A Danish court recently ordered an Internet news service to stop its practice of "deep linking" to other sites. A "deep link" is a direct link to a specific web page within a web site, thereby bypassing the main page of the web site. "Deep links" are very common throughout the Internet. For example, the results provided by search engines are often lists of "deep links". The case before the Danish court stemmed out of a complaint against Newsbooster.com by the Danish Newspaper Publishers' Association (DNPA). Newsbooster.com worked much like a search engine offering "deep links" to specific news stories found on a variety of web sites. Users were able to choose keywords and Newsbooster would return links to articles matching the request. In its decision, the Danish court concluded that Newsbooster was in direct competition with the newspapers, and the links provided to the articles within the paper damaged the value of the newspapers' advertisements. The decision has come as a surprise to many industry watchers, as the practise of "deep linking" is very prevalent throughout the web and has been considered a major driving force in the growth of the Internet. In response to inquiries by E-TIPS, Newsbooster's CEO, Anders Lautrup-Larsen, stated that the company believes the court's decision is "wrong" in that it does not define what Newsbooster does that is different from other search engines other than the fact that Newsbooster's searches are limited to news sources. According to Mr. Lautrup-Larsen, one of the company's main arguments isthat Newsbooster argues it is merely referring searchers to the copyrighted material as opposed to copying them. It is currently unclear what the consequences of this decision will be. The order has to be affirmed by either one of the Danish High Courts or the Maritime and Commercial Court of Copenhagen by July 19th. For a translation of the Danish Court's decision, visit: http://www.newsbooster.com/?pg=judge&lan=eng. To view newsbooster's press releases on this issue, visit: http://www.newsbooster.com/?pg=presscenter&lan=eng. To read articles on deep linking including the above decision as complied by the American Library Association, visit: http://www.ala.org/alaorg/oif/deeplinking.html.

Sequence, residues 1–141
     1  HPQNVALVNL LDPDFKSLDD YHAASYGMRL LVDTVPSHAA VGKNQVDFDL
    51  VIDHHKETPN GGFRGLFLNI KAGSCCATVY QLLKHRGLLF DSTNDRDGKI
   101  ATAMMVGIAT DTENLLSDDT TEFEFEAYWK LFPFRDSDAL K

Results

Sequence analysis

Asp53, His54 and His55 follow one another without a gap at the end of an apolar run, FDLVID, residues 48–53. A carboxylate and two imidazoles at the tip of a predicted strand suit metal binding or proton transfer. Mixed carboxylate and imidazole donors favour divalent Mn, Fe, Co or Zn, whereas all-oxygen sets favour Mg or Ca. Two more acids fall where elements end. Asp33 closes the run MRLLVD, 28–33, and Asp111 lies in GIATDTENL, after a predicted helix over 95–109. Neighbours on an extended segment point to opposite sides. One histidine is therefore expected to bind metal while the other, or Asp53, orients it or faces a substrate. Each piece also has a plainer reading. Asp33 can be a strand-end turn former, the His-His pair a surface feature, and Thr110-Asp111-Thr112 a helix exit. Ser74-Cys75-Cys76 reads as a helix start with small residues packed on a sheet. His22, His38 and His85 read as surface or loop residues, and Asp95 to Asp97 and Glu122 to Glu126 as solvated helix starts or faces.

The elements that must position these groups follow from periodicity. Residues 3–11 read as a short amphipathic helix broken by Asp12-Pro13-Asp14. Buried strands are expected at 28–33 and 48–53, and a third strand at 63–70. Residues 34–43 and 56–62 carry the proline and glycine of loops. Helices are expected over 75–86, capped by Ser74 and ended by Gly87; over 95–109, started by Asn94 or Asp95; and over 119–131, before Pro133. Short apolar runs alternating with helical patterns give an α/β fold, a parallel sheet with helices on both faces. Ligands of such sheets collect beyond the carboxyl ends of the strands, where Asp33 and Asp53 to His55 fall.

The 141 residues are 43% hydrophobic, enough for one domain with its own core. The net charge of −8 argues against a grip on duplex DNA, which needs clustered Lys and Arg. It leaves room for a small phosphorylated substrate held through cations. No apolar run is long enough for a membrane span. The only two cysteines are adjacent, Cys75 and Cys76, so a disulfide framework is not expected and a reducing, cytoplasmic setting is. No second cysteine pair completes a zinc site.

02 07 18

Disclaimer: This Newsletter is intended to provide readers with general information on legal developments in the areas of e-commerce, information technology and intellectual property. It is not intended to be a complete statement of the law, nor is it intended to provide legal advice. No person should act or rely upon the information contained in this newsletter without seeking legal advice.

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